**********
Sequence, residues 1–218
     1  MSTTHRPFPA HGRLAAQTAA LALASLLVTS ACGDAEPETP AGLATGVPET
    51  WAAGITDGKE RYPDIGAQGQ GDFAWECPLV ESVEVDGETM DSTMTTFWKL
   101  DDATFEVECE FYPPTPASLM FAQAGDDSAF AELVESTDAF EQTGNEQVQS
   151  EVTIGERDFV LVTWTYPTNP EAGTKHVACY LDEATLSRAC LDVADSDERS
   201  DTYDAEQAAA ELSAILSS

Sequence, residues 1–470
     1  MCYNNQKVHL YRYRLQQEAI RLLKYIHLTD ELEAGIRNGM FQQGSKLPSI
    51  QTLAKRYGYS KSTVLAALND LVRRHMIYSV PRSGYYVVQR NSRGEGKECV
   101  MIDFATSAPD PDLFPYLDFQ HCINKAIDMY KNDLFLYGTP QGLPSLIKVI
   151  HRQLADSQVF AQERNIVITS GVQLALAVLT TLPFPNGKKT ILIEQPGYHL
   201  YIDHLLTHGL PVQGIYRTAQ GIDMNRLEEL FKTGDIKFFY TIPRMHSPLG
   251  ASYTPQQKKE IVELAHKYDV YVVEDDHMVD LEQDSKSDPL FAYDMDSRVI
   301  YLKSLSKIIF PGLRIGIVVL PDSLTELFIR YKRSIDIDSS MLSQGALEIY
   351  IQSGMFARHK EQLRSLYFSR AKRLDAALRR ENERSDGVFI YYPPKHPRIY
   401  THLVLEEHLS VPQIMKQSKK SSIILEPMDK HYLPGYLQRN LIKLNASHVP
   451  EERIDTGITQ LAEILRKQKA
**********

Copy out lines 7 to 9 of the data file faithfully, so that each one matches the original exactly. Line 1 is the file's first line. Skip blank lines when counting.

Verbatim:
Sequence, residues 1–470
     1  MCYNNQKVHL YRYRLQQEAI RLLKYIHLTD ELEAGIRNGM FQQGSKLPSI
    51  QTLAKRYGYS KSTVLAALND LVRRHMIYSV PRSGYYVVQR NSRGEGKECV